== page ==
Survey Says: Telehealth Policies to Keep Post-Pandemic
On June 30, 2020 by Jodi Boyne
Stratis Health is conducting occasional brief surveys to capture snapshots of the expanding telehealth use in Minnesota. This telehealth snapshot focuses on telehealth policies, specifically the Medicare 1135 waiver.
The Medicare 1135 Waiver has dramatically expanded the use of telehealth services since March 2020. In April, Stratis Health conducted a survey of Virtual Health Sharing Group members, plus several other health systems, to gather feedback regarding which of the telehealth components in the Medicare 1135 waiver should continue permanently. Respondents included large and small health systems covering both urban and rural areas and several that operate in multiple states.
These survey results indicate in ranked order the priority Medicare 1135 Waiver components that should be continued:
- Maintain the expanded list of eligible telehealth practitioners that includes all those eligible to bill Medicare for professional services (includes physical therapy, occupational therapy, clinical social workers, and others)
- Originating site of telehealth visit can be patient home or residence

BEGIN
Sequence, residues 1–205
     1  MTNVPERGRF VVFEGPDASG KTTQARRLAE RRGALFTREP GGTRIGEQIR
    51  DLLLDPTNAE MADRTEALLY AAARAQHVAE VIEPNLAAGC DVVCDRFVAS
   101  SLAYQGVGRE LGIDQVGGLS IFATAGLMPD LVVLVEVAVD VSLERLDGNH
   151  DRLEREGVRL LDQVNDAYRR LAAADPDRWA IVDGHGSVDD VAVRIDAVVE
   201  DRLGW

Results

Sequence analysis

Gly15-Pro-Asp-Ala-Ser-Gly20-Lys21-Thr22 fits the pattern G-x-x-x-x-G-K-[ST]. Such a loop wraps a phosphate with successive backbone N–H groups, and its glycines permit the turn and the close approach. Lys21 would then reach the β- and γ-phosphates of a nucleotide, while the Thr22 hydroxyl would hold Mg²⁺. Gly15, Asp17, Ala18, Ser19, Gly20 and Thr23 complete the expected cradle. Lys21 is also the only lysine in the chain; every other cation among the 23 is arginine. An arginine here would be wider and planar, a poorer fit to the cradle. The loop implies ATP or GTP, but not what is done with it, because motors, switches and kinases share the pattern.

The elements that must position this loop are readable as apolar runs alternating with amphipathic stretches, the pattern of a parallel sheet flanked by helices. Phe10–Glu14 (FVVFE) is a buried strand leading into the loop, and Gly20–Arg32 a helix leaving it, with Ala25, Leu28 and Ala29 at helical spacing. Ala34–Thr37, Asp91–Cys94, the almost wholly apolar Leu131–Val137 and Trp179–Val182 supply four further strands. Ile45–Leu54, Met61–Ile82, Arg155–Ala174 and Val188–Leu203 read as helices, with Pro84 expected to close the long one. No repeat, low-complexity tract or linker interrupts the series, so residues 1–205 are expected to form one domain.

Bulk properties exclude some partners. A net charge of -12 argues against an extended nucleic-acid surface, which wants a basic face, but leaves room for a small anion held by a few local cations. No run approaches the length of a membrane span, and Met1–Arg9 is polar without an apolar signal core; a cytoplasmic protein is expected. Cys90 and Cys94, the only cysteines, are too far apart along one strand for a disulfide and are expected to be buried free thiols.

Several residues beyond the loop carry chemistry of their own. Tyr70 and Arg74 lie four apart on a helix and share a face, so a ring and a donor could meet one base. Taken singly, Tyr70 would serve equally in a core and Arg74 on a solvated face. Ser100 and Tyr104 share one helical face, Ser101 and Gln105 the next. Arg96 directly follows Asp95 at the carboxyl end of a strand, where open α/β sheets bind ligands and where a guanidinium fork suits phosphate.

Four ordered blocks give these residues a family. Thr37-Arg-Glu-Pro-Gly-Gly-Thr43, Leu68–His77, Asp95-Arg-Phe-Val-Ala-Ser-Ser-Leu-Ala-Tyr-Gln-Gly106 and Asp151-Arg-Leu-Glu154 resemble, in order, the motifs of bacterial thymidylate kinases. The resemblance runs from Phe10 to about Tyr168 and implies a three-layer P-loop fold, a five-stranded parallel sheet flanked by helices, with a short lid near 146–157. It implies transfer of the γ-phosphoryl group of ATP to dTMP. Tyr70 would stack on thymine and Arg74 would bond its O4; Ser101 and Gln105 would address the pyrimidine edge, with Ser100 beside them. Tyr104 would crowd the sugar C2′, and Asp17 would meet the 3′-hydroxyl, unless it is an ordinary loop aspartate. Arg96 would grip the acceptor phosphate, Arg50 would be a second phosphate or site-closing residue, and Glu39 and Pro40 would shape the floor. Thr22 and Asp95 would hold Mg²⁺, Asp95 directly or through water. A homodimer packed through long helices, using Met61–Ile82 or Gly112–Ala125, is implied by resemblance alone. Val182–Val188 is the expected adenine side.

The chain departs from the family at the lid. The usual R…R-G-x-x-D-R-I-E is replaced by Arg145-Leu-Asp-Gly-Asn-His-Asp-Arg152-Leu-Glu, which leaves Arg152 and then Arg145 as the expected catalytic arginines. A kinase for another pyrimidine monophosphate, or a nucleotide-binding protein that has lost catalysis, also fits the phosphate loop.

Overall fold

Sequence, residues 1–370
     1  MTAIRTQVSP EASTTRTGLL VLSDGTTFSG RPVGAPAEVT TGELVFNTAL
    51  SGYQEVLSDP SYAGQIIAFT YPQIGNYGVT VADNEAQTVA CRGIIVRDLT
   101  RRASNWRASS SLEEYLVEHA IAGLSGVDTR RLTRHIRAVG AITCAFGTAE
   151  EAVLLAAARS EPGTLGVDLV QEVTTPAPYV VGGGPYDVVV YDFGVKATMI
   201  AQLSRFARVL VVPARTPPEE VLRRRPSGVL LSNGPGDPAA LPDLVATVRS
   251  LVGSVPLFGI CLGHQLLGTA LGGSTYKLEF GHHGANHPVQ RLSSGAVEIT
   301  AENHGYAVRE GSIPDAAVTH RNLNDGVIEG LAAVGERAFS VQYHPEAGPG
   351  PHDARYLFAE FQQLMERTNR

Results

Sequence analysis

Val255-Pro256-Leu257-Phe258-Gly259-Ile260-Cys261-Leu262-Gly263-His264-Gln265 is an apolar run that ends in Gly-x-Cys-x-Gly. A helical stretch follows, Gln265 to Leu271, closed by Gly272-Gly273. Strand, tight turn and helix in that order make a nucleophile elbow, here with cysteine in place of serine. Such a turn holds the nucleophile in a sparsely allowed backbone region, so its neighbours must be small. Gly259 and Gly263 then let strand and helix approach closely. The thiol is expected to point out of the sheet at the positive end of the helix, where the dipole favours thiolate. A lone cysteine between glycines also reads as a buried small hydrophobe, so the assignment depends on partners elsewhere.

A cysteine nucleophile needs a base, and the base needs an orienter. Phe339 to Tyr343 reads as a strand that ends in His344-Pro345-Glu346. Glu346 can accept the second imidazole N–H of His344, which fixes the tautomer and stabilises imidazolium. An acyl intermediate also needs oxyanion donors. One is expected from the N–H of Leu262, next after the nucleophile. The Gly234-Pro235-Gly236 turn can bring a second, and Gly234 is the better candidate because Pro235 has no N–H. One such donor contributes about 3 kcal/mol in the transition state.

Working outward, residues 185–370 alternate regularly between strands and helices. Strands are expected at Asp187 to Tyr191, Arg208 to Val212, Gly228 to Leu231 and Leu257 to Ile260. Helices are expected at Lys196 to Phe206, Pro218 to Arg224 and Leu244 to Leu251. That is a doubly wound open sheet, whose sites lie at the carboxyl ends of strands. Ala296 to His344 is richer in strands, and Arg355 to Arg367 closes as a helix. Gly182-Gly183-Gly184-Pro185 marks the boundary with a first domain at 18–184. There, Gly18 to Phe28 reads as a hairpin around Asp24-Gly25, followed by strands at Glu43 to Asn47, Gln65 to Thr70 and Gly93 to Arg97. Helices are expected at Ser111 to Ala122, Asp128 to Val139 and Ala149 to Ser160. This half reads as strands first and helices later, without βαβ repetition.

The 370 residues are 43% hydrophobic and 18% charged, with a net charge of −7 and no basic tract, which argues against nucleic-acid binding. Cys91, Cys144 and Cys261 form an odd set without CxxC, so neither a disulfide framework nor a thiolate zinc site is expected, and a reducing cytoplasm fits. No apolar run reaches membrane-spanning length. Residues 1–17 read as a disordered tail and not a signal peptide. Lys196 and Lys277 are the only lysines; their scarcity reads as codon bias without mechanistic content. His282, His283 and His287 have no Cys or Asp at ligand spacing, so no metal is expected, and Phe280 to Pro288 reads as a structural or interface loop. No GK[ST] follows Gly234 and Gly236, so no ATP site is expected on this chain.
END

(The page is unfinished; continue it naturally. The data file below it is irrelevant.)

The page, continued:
- Expanded geography allowed for all telehealth visits including both rural and urban settings
- Use of expanded list of 80+ telehealth available procedural codes
- Payment parity for audio-only telephone visits
- Use of Place of Service (POS) billing code where patient would have been seen
- Provider licensure flexibility to practice in every state (subject to state licensure rules)
- Audio-only virtual communications allowed for certain services
- Use of non-HIPAA compliant technology platforms
- Health Systems survey respondents also suggested additional policy changes not currently part of the Medicare 1135 Waiver, which would support access and quality: including pharmacies as eligible telehealth clinicians and allowing FQHCs and RHCs as eligible originating sites.
Stratis Health will continue to convene the front-line leaders in telehealth in Minnesota, to support sharing and problem-solving, and to capture aggregate data and insight at points in time which can inform policy and programs at a state and federal level.